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A Call to Magic Sharing

I live in a safe place. No one is shooting at me. There are no bombs exploding in my neighborhood.  I do not need to flee anywhere for my or my family's safety. This stirs deep gratitude in me and no small amount of guilt. I think it is similar to survivor's guilt, though less intense. I am, in a word, fortunate. I like Joan Baez's cover of a song by Peter, Paul, and Mary. The proverbial saying is, "There but for the grace of God, go you or I." The song changes it to "There but for fortune..." I don't believe the grace of God is unequal toward humanity. I do believe that good fortune is.

I am fortunate, which means I have a different kind of responsibility toward life from those who have the misfortune of having to fight to survive under terrible and unjust conditions. I have the responsibility to find what is special and share it, simply because I can,  a duty, if you will, to share joy and wonder, because I can. It sounds like lightweight work, I know, but if all of us who are fortunate enough to live in a safe place and have more than enough to eat and pay our bills were to commit to being responsible to share joy, might we not make some significant difference to all? If that doesn't work for the channels in your mind, try this: Would it not be a crime to be this fortunate and not notice the magical, the beautiful, that which cannot be repeated, be it sunset, rose blossom or the words that tumble from a toddler's innocent lips? So... lately... I have noticed mushrooms....and dragonflies.

My mother told me when I was not yet in kindergarten that fairies hold their dances beneath the shelter of the mushroom tops. I believed her. Nothing in my adulthood has been able to completely undo that belief. When mushrooms appear in great number during a drought, as they are doing in my neighborhood, I can't help but feel that they are magical, a surprise not to be missed. I was saddened to see a neighbor mow down the multitude of mushrooms that had sprung up in his yard last night. I had not seen such a crop in years. He got to them before I could get to them with my camera. Yet I found some tiny temples most worthy of fairy gatherings.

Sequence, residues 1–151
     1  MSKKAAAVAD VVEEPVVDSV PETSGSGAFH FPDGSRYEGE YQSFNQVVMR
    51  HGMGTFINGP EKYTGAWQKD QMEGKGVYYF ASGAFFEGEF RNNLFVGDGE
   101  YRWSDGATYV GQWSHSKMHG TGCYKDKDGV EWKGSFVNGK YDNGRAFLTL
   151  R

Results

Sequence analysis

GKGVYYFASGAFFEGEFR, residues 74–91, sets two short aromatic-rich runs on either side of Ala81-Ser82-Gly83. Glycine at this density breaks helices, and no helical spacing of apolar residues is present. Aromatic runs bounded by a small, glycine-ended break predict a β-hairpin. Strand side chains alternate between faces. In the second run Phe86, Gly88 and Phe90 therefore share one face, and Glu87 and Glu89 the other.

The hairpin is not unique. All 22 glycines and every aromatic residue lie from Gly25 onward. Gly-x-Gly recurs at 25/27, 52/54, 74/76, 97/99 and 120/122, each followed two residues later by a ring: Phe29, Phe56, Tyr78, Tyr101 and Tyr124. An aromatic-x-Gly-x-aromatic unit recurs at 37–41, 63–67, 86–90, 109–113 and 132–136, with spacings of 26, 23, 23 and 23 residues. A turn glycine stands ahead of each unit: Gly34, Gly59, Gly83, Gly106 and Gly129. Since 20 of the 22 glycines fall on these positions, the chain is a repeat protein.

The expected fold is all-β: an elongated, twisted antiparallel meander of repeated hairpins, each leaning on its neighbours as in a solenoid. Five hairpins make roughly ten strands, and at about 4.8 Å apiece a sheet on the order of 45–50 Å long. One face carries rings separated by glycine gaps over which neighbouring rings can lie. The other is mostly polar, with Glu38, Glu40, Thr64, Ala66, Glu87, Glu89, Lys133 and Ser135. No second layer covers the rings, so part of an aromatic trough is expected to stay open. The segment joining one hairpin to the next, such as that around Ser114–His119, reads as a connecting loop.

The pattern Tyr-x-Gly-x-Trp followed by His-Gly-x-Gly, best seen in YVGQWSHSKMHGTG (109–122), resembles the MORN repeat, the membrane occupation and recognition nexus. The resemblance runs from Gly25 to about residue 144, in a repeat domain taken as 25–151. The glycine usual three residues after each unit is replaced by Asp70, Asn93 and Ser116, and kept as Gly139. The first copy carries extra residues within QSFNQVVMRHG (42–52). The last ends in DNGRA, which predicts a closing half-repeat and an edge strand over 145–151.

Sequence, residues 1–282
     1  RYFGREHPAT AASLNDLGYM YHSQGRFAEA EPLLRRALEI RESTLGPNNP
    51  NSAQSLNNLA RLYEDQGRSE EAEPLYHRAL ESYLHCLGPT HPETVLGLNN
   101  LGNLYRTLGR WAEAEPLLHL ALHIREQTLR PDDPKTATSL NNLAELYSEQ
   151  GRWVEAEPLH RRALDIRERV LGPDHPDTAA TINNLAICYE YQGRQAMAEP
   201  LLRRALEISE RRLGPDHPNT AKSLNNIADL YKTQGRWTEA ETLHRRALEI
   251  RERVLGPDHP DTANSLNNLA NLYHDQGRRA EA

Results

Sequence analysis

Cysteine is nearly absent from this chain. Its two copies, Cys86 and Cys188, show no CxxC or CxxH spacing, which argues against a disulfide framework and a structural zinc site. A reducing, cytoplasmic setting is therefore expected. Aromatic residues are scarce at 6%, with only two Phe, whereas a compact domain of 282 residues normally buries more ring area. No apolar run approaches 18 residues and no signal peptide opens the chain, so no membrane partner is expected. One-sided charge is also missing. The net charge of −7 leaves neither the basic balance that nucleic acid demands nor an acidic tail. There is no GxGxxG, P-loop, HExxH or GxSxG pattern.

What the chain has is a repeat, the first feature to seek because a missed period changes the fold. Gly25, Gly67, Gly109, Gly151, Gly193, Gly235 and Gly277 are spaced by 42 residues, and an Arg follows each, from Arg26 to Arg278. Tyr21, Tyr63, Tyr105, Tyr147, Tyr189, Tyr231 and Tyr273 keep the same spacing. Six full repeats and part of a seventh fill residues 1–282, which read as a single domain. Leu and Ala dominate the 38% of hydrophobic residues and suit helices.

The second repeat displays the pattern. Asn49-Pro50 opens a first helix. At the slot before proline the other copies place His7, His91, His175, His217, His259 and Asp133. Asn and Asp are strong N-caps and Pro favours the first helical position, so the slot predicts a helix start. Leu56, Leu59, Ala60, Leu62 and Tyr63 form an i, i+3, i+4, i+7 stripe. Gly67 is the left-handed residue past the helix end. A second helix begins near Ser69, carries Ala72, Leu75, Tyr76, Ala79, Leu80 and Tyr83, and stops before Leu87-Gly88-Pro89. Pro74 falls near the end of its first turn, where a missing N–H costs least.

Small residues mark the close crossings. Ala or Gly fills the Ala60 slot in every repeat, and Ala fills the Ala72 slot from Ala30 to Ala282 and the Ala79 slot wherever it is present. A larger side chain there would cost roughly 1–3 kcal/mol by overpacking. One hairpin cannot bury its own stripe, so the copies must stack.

Dragonflies began appearing in the oddest places and at the oddest times shortly after my father died. I met a woman at a bank who was wearing a dragonfly necklace. She wore it because the same thing occurred to her when her grandfather left this plane. She would walk into her grandfather's woodworking shop and find dragonflies there.

Last year on September 15, I photographed a dragonfly in the woods in Minnesota. The photo later won an honorable mention in a local nature photography contest. I'd never seen a dragonfly like this one. A year to the day after I took that photo, a dragonfly of the same species floated into my son's yard and landed on his hand, staying there long enough to have its photo taken. Exactly one year later.

Mushrooms in a drought. Dragonflies appearing with exquisite, inexplicable timing. These are small things, but joyful and hopeful ones. Those of us who lead fortunate lives are called to notice them, to acknowledge them as the quiet miracles that they are, and share them. They speak to a life of creation and not of man-made, misguided violence. Not to notice them would be amiss and a misfortune. Sharing them just might send a ray of hope somewhere that it needs to be sent. We are called to do this. That is what I believe.


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Images and Text, Copyright Ysabel de la Rosa, All rights reserved.

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